Lexus Reevaluating the Existence of the GS and IS

Matt Posky
by Matt Posky

While Lexus hasn’t confirmed anything, there’s growing speculation that the brand’s ES sedan will ultimately replace the GS. The model’s sales have trended downward since 2015, going from 23,117 U.S. deliveries that year to just 7,773 in 2017.


The brand hasn’t announced any plans to update it. Considering the fourth generation has been around since 2011, you’d think Lexus would have said something by now. But the company — like most luxury manufacturers — is preoccupied with moving utility vehicles. There’s now a three-row RX, and the smaller UX should help attract the younger demographic while allowing Lexus to dabble in a subscription-based sales model.

If it succeeds, the IS could be the next vehicle in the brand’s lineup to be tied to a tree and shot.

While the fate of the GS is practically guaranteed (the company has already discontinued it in Europe), the IS does better business overall. Still, annual sales have dropped each year since 2014 and the brand’s new U.S. general manager, David Christ, recently told Automotive News that Lexus is considering the future of both models.

That said, he also reiterated the company’s earlier promise not to betray consumers who prefer sedans and stated Lexus has high hopes for the ES. “There are still a lot of luxury cars being sold,” he said, “and we’re not going to abandon that market.”

However, it’s that market that will dictate just how true a statement that is. GS sales are almost trivial at this point and the IS has lost about half its strength. Both models are growing old and there’s no replacements scheduled that we know of. That’s going to result in the brand’s sedan lineup looking extremely lean, and it’s hard to imagine an explosion of sales for the RC or LC coupes as a result — but it’s a nice thought.

[Image: Lexus]

Matt Posky
Matt Posky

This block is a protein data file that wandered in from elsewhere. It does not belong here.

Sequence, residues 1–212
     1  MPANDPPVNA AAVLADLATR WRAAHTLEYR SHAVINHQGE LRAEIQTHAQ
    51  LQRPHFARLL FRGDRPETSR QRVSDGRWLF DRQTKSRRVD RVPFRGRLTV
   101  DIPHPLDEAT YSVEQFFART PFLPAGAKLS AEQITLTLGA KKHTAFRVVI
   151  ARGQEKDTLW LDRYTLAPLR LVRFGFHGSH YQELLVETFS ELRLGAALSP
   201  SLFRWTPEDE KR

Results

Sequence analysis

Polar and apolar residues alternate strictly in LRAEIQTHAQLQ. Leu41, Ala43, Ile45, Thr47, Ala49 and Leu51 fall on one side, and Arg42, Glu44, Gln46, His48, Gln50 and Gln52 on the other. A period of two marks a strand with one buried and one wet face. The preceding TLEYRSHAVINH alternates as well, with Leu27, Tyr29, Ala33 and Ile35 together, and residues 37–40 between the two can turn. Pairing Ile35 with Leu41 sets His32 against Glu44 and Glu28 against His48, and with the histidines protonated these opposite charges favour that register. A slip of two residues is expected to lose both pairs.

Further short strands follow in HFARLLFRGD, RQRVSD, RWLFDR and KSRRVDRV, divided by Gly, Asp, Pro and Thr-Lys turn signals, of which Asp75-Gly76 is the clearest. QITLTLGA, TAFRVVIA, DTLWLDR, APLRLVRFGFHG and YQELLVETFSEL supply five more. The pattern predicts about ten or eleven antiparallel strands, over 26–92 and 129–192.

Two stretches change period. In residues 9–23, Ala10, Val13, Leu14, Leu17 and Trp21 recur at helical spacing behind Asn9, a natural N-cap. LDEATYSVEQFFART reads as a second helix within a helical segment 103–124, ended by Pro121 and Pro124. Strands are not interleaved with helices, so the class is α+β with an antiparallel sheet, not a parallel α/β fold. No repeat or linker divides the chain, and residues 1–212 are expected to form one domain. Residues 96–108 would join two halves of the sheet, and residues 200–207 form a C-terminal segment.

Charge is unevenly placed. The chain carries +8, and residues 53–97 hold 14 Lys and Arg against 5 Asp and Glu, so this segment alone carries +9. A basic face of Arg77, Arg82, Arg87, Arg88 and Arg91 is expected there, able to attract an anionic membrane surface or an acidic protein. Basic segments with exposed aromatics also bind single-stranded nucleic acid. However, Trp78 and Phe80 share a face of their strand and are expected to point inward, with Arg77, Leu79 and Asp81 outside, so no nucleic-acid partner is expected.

A staunch consumer advocate tracking industry trends and regulation. Before joining TTAC, Matt spent a decade working for marketing and research firms based in NYC. Clients included several of the world’s largest automakers, global tire brands, and aftermarket part suppliers. Dissatisfied with the corporate world and resentful of having to wear suits everyday, he pivoted to writing about cars. Since then, that man has become an ardent supporter of the right-to-repair movement, been interviewed on the auto industry by national radio broadcasts, driven more rental cars than anyone ever should, participated in amateur rallying events, and received the requisite minimum training as sanctioned by the SCCA. Handy with a wrench, Matt grew up surrounded by Detroit auto workers and managed to get a pizza delivery job before he was legally eligible. He later found himself driving box trucks through Manhattan, guaranteeing future sympathy for actual truckers. He continues to conduct research pertaining to the automotive sector as an independent contractor and has since moved back to his native Michigan, closer to where the cars are born. A contrarian, Matt claims to prefer understeer — stating that front and all-wheel drive vehicles cater best to his driving style.

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  • DeadWeight DeadWeight on Jun 13, 2018